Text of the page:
Pupils learn where energy comes from and its impact on the environment

10 Learning KS1, KS2, KS3

Electricity can be made from renewable or non-renewable sources.
This
video provides a good introductory overview.
Non-renewable sources
Most of  our electricity comes from power stations that  use fossil fuels like coal, oil and gas to generate electricity. When fossil fuels are burnt, heat is generated. This heat is used to boil water and the steam that is created is used to turn large propellers called turbines. These turbines then turn electrical generators.

These fuels are called non-renewable sources because you can't make anymore and  they will eventually run out. Unfortunately, burning fossils fuels produces greenhouse  gases like carbon dioxide and methane which cause global warming.

Renewable sources
Renewable energy sources such as the sun, wind, waves and heat of the earth are also used to make electricity. Renewable sources can be used again and again,  and should not run out. Renewable sources are mostly carbon neutral, meaning they do not produce greenhouse gases, so are much less harmful to the environment.

You can learn about some of the advantages and disadvantages of different energy sources here.

We don’t often think about where our energy comes from when we turn on the light.
You might be surprised to hear that almost 60% of the UK’s energy comes from abroad. We import coal from Russia, gas from Norway and uranium for nuclear power from Kazakhstan. This fuel travels an average distance of over 2,500 miles before it reaches us. But things are beginning to change. Renewables have become the second biggest source of electricity in the UK, providing a quarter of our power needs. Clean energy is picking up the slack where fossil fuels are being phased out. Half of the energy generated from ‘home-grown’ fuels (including fossil fuels like coal and gas) now comes from renewable sources. That’s up from less than a third in 2013. We have some of the best natural resources for generating electricity in the world, so there’s no reason why renewables can’t continue to grow rapidly.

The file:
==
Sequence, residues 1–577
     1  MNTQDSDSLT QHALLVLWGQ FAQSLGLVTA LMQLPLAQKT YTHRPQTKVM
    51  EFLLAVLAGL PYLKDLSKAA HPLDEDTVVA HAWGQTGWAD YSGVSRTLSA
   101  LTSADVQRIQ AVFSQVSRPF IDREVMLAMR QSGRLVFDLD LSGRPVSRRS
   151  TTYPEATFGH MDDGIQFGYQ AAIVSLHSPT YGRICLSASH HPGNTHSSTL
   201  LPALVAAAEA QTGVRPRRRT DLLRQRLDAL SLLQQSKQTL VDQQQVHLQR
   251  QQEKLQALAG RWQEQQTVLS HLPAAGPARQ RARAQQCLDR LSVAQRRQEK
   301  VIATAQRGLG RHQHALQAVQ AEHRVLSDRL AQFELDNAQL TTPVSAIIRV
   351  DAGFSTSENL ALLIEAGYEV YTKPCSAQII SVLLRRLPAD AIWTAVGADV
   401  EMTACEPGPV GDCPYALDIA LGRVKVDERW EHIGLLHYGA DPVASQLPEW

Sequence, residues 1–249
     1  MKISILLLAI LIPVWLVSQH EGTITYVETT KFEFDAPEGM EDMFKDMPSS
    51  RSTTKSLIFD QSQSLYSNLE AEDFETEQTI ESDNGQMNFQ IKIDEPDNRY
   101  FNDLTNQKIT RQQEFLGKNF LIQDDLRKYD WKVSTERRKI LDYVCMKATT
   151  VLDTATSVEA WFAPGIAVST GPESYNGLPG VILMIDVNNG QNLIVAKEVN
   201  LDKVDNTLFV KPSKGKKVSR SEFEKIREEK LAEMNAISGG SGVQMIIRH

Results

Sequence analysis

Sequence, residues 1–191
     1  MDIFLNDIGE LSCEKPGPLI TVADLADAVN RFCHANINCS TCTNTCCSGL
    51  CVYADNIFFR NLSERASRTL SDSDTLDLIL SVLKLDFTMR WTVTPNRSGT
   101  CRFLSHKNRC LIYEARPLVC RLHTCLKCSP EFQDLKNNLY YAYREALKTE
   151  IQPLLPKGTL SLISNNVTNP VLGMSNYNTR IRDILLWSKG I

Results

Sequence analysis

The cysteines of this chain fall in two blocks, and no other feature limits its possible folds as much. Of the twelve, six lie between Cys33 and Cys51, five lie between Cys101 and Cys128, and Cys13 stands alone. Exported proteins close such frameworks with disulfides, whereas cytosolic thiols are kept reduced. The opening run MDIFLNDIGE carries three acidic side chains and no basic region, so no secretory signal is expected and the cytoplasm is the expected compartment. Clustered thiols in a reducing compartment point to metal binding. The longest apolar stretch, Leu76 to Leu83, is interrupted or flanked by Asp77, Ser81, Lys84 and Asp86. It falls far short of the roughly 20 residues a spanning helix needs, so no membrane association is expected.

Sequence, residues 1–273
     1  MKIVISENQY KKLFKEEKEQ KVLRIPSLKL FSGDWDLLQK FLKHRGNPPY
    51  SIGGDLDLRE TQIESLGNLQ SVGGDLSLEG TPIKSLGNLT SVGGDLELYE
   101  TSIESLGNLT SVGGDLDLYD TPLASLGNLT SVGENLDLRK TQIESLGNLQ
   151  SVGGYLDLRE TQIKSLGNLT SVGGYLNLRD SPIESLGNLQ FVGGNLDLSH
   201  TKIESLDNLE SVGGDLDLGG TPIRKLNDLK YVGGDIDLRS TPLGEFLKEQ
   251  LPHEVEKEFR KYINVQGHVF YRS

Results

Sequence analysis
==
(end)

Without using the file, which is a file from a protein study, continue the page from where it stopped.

Clean energy sources are safer, often cheaper and give us more independence than relying on other countries for our fuel.

What is global warming?
The temperature of the Earth's atmosphere has risen by about 1C in the last 160 years, and global warming is set to exceed 1.5C in the next 12 years.  It is urgent that we prevent further temperature increases. Melting ice caps, rising sea level, extinction of species, homes and habitats destroyed by flooding, famine and drought are already happening - it is vitally important we prevent the situation getting worse.  By 2100, global mean sea level rise will be around 10cm lower for warming of 1.5°C compared with 2°C. This could mean up to 10 million fewer people exposed to the risks of rising seas. You can learn about some of the impacts of global warming here.  Further information and short video clips on climate change and its impacts can be found at:
https://www.bbc.co.uk/news/topics/cmj34zmwm1zt/climate-change
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